The Prime Minister claims ‘Under our Standing Order 111 we can appoint oversight committees. No oversight committees have been appointed before.’ This is not true, though perhaps because they were deemed useless no one, least of all the Prime Minister in the year or so he was in Parliament before taking on the position, bothered to set them up under this Parliament. But how putting four young people amongst Parliamentarians will ensure positive change is not clear.

Nor is it clear how the four young people will be chosen. One is reminded of how the Prime Minister, in an earlier incarnation, increased youth representation in Parliament by nominating Dinesh Dodangoda for a National List vacancy. Now he suggests that, with the Youth Parliament nominating one person, those who protest can nominate three. Since never before have outsiders been on Parliamentary committees, one wonders what the constitutional position is.

Interestingly, the idea of backbencher power is totally vitiated by a provision in the Standing Order brought in 2018, namely that ‘The Leader of any political party or independent group represented in Parliament may in writing request the Committee of Selection to remove any such Member nominated under paragraph (21) above from such Committee. The Committee of Selection shall on receipt of such a request discharge any such Member from such Committee and inform Parliament.’

This seems typical of the whitewashing that has gone on, in cutting down anyone who might stand up against authority.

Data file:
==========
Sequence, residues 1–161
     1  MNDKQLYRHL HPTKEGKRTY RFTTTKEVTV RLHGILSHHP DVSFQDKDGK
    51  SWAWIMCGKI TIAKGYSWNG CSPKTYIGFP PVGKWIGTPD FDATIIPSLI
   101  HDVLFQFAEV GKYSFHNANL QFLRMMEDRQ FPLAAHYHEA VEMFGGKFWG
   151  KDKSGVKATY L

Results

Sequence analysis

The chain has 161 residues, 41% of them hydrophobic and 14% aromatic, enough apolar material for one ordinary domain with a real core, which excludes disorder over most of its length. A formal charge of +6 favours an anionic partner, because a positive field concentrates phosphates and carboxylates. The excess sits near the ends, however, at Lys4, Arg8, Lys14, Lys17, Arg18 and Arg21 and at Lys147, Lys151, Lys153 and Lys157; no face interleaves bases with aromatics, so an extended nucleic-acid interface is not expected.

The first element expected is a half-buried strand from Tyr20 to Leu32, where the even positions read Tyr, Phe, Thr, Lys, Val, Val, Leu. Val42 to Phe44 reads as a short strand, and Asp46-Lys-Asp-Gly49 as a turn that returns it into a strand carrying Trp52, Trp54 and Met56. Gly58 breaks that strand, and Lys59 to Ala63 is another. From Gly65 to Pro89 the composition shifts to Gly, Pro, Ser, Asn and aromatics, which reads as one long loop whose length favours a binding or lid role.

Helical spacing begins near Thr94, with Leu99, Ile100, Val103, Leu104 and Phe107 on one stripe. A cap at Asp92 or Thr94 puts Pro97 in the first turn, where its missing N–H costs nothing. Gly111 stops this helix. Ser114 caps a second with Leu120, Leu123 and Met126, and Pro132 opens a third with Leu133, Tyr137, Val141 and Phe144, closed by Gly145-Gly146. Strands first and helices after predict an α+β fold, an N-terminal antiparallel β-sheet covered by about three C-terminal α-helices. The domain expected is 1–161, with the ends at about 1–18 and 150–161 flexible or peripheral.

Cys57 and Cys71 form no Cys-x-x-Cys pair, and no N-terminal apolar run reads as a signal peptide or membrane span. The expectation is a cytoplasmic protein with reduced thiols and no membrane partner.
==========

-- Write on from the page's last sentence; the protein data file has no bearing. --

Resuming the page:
The need for genuine reform should not be sidetracked by platitudes. However the clear if limited suggestions made by Dinesh Gunawardena should be taken forward swiftly, to herald a sea change in the current political culture of this country. What is needed is statutory control of the executive, and transparency, and assuming he has studied what was proposed in 2015, the way of moving forward is clear and simple.

But I do hope too that he will look at the first article in this series, in which I suggested a mechanism of including outsiders in Parliamentary committees. If the Prime Minister is serious about involving ‘people with expertise in specific fields’ in an advisory and restraining capacity which I trust is what he meant by the vague ‘in this work’ election by Parliament as a whole may be acceptable constitutionally, with a large enough number to ensure that varied interests are represented, as they will be if the Single Transferable Vote system is used.

I wrote then about a High Posts Committee consisting of

(i) the Speaker of the House who shall be Chairman of the Committee

(ii) five members of Parliament who do not hold office, elected by the House on the Single Transferable vote system at its first session following a General Election

(iii) five individuals not in Parliament elected by the House on the Single Transferable vote system.

Perhaps this is how the Finance Oversight Committees of Parliament should be constituted, or if this is thought too radical, there could be at least five individuals from outside Parliament elected to these as well as the consultative committees.

That will be a start, while different interests argue about constitutional changes. Changes to Standing Orders are easier to get through, and will I hope be made before this month is over.